The Fire Island Village of Saltaire, filled with million-dollar oceanfront beach homes, for the past 50 years hasn't had to pay for the day-to-day county police services residents receive.
Suffolk County Attorney Christine Malafi on Friday disclosed the half century of nonpayments in a meeting of the county legislature's public safety committee Friday. She said County Executive Steve Levy will present an emergency resolution at the legislative meeting Tuesday to start charging the village for police.
Saltaire is a village of about 400 homes. The year-round population numbered 43 in the 2000 census, although the summer population swells to 2,000 to 3,000.
Malafi said the village would be charged an average of $86.62 per hour when officers are called to respond to 911 calls, or when residents call the department for help or action authorized by village officials.
However, critics say the deal allows the village to cherry pick by paying for service on request. "It doesn't seem fair that the village does not have to pay for having the service available," said Noel DeGerolamo, a police union vice president.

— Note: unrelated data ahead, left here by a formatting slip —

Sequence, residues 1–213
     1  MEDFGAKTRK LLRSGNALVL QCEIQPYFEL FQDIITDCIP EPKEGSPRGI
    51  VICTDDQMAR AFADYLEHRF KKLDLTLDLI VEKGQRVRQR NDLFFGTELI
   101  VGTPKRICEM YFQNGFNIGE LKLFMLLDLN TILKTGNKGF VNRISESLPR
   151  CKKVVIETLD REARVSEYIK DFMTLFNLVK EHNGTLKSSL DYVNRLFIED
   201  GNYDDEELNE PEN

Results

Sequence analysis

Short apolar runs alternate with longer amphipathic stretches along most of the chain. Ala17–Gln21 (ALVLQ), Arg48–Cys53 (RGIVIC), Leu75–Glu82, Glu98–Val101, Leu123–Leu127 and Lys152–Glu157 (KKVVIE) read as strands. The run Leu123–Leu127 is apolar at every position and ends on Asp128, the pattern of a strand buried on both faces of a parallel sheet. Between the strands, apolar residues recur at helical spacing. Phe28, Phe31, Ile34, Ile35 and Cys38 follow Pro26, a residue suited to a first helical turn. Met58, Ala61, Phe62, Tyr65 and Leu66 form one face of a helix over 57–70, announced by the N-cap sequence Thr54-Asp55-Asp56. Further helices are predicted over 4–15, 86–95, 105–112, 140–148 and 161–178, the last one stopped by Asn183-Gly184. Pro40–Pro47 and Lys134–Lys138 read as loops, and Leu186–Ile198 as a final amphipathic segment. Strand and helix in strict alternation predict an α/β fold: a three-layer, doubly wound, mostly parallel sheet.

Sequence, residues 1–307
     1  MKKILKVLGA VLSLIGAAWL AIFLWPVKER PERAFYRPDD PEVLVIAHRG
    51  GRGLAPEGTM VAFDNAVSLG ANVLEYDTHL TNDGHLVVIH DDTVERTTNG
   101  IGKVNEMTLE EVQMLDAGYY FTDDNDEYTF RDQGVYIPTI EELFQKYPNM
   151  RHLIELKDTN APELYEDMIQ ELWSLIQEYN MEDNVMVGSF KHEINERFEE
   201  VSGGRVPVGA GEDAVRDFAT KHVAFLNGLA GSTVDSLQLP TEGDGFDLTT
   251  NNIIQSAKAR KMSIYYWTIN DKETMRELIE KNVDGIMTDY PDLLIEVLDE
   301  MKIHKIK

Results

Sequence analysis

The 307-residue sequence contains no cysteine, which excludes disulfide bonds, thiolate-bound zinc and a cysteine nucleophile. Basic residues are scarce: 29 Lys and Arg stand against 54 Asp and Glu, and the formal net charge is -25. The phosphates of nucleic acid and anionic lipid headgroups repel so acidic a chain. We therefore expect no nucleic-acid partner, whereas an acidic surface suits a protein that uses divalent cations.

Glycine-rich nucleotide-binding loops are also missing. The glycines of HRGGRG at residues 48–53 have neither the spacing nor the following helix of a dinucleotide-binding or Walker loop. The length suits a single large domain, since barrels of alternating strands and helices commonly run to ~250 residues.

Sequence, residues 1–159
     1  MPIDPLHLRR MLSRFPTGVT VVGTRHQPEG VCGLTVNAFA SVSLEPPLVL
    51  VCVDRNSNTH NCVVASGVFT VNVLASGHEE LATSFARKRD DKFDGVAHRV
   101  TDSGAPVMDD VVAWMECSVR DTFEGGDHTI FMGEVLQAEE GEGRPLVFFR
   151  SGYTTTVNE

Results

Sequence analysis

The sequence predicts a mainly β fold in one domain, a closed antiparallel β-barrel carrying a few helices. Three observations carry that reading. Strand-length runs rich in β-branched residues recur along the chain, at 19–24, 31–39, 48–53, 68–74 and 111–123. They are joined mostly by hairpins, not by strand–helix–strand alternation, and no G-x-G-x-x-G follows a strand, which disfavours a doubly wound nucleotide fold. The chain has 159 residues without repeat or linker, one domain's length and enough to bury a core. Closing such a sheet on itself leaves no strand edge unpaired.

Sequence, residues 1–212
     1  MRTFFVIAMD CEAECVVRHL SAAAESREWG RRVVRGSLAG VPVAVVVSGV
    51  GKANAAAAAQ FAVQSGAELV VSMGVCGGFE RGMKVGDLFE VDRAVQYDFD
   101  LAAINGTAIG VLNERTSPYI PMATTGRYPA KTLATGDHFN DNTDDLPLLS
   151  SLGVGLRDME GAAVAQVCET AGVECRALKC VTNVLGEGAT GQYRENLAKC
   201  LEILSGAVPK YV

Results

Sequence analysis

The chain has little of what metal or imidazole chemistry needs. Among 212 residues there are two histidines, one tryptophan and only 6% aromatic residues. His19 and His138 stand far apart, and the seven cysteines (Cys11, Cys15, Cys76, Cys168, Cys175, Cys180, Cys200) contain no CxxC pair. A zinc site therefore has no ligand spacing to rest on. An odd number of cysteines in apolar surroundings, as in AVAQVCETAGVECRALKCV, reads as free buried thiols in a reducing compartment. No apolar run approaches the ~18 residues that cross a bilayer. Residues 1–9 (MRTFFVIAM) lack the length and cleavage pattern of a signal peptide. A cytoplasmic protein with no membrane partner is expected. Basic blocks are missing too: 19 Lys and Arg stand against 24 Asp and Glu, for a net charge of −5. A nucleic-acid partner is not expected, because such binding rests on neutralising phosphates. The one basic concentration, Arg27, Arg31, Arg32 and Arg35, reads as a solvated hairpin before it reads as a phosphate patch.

Neither the village nor Levy aides could say how much the new agreement would generate in revenue to the county. Malafi said the county did not seek retroactive payments, and could not say how much the village may have owed for past services.
Mario Posillico, village administrator, said the pact "fairly treats Suffolk County in terms of its responsibility and offers us a degree of police protection we have not had in the past."
The problem dates to 1960 when the Suffolk County Police Department was formed. Saltaire, like East End towns and villages and several other municipalities in Western Suffolk, decided not to join the county police district.
But Saltaire never formed a police department of its own and has relied on the county for police service.